Fairy Tales of Oscar Wilde volume 3: The Birthday of the Infanta


Adapted by P. Craig Russell with Galen Showman (NBM)
ISBN: 978-1-56163-214-5 (Signed HC)        978-1-56163-775-1 (PB)

Win’s Christmas Gift Recommendation: A Comicbook Gift of the Graphic Magi… 9/10

Craig Russell began his illustrious career in comics during the early 1970s and came to fame young with a groundbreaking run on science fiction adventure series Killraven, Warrior of the Worlds.

Although his increasingly fanciful, meticulous classicist style was derived from the great illustrators of Victorian and Edwardian heroic fantasy and his visual flourishes of Art Nouveau were greatly at odds with the sausage-factory deadlines and sensibilities of the mainstream comicbook industry, the sheer power and beauty of his illustrative work made him a huge draw.

By the 1980s he had largely retired from the merciless daily grind, preferring to work on his own projects (generally adapting operas and plays into sequential narratives) whilst undertaking the occasional high-profile Special for the majors – such as Dr. Strange Annual 1976 (totally reworked and re-released as Dr. Strange: What Is It that Disturbs You, Stephen? in 1996) or Batman: Robin 3000.

As our industry grew up and coincided with the global fantasy boom, Russell returned to the comics industry with Marvel Graphic Novel: Elric (1982), further adapting prose tales of Michael Moorcock’s iconic sword-&-sorcery star in the magazine Epic Illustrated and elsewhere.

Russell’s stage-arts adaptations had begun appearing in 1978: first in the independent Star*Reach specials Night Music and Parsifal and then from 1984 at Eclipse Comics where the revived Night Music became an anthological series showcasing his earlier experimental adaptations; not just operatic dramas but also tales from Kipling’s Jungle Books and other favourite literary landmarks.

In 1992, he began adapting the two volumes of Fairy Tales of Oscar Wilde – a mission he continues to date, deftly balancing tales of pious allegorical wonderment with a wry touch and clear, heartfelt joy in the originating material of a mercurial misunderstood, much-maligned master of devastating, so-quotable epigrams who was briefly the most popular man in London Society…

First published in May 1888, The Happy Prince and Other Tales was Oscar Fingall O’Flahertie Wills Wilde’s first book for children with the lead story merely one of a quintet of literary gems. The others within were The Nightingale and the Rose, The Devoted Friend, The Remarkable Rocket and The Selfish Giant.

It was followed in 1891 by A House of Pomegranates; Wilde’s second book of stories for children which held The Young King, The Fisherman and his Soul, The Star-Child and our subject today The Birthday of the Infanta, with adaptor Russell utilising all his skills to staggering effect to deliver a masterpiece of sardonic whimsy and casual cruelty.

In the glittering court of the King of Spain, the monarch is celebrating his beautiful daughter’s twelfth birthday. For such an occasion the normally closeted, haughty child is allowed to play with other, lesser youngsters whilst conniving courtiers look on and seek any moment of advantage which might further their own prospects.

There’s little chance of that, however. The King is not the man he was and has languished in growing misery since his beloved wife died soon after delivering the sole heir. So bereft is he at the loss of his flighty French bride’s boundless spirit and joyous joie de vivre that he cannot bear to have her interred. Instead her mummified corpse still occupies the chapel in the grand palace…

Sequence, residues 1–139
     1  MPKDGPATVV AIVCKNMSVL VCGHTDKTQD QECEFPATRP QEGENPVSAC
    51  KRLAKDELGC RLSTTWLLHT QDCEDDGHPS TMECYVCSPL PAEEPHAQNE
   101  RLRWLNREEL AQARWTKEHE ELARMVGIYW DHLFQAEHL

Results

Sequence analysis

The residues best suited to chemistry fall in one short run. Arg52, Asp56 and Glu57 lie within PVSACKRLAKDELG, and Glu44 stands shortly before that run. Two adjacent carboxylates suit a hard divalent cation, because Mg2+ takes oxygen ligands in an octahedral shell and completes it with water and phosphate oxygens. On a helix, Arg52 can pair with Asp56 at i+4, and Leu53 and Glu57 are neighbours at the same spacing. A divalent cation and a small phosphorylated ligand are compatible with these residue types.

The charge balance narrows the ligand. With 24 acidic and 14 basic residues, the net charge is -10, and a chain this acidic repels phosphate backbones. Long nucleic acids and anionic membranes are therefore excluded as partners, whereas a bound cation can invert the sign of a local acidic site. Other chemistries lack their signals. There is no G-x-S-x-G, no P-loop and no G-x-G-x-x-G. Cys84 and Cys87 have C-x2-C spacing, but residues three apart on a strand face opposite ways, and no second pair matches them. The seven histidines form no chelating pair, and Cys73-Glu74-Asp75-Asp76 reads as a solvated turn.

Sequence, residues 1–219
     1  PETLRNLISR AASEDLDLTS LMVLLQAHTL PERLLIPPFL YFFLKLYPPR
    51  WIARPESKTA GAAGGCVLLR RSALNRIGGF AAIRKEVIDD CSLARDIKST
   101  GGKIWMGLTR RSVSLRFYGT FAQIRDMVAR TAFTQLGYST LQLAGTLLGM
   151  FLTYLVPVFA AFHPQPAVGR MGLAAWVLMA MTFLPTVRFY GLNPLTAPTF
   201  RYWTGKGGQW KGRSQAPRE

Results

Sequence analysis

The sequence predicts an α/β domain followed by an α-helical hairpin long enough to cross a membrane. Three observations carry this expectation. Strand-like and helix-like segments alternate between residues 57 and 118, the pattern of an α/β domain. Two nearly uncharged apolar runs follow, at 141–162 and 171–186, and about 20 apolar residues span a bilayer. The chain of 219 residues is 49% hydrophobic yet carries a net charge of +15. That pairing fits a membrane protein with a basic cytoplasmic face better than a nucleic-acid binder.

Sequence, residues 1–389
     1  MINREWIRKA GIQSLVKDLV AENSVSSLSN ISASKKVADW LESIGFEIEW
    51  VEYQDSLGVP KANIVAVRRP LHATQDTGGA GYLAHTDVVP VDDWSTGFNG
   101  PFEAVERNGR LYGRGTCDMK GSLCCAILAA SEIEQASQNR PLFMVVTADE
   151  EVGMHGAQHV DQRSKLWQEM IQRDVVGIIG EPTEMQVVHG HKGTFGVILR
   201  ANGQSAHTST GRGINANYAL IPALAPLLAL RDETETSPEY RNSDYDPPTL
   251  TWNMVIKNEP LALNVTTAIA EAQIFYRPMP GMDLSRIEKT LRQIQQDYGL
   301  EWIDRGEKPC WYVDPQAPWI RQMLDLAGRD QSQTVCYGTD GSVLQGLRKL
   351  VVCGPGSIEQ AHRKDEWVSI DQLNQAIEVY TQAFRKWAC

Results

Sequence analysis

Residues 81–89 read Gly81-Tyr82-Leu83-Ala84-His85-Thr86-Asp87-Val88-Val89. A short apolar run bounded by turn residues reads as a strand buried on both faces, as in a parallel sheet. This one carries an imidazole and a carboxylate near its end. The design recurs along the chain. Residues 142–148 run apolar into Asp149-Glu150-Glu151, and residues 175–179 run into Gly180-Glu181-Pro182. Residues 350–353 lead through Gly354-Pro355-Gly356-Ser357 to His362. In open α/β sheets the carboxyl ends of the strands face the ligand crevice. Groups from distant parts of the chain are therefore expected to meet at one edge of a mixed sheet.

Thus the Infanta grew up isolated by her elevated position and swamped with magnificence, drowning in privilege and inundated in all things beautiful, but deprived of companionship. Today she takes full advantage of the youthful playthings around her, revelling in every boisterous dance and all attentions paid by the sons and daughters of the Court. The entertainments are even more thrilling: acrobats, jugglers, jongleurs, dancers, magicians and wild beasts all amaze, but nothing delights the lovely child more than the hideous, malformed dwarf-boy who dances for her, lost in his own simple, insensate world.

The deformed, inadvertent fool is a present from two particularly noxious nobles who had seen him capering innocently in the forests and promptly made off with him. The blithe simpleton knows nothing of this, only that his actions in this immaculate garden of boughs and flowers make the most beautiful creature in the world happy… and that her laughter is music to him…

His idiot caperings concluded, the dwarf is given a perfect white rose by the Infanta before the nobles’ children are escorted away. This casual, indifferent act drives him to even greater paroxysms and in his head a dangerous idea forms…

Later he sneaks into the Palace, finding room after room of breathtaking opulence and dazzling magnificence until he reaches at last the Infanta’s apartments. Curiously peeking in, he spies a coarse, misshapen monster mimicking his every move. Never has he seen such a thing of such utter ugliness…

What follows is one of the saddest, most relentless withering denouements in literature; a thinly-veiled yet ferocious condemnation of the brutal force of vanity and deadly power of surface glamour devastatingly depicted with debilitating detail by Russell and his assistant/letterer Galen Showman.

Bring tissues, and probably a stiff drink. You’ll need them.

A deeply moving, studiously horrific and truly tragic fairytale that shows not all endings are happy or even just, The Birthday of the Infanta displays Wilde’s razor-edged social commentary and scathingly beautiful cynicism to full effect; denying us the requisite happy ending and harbouring a cruel barb to prick and train the conscience…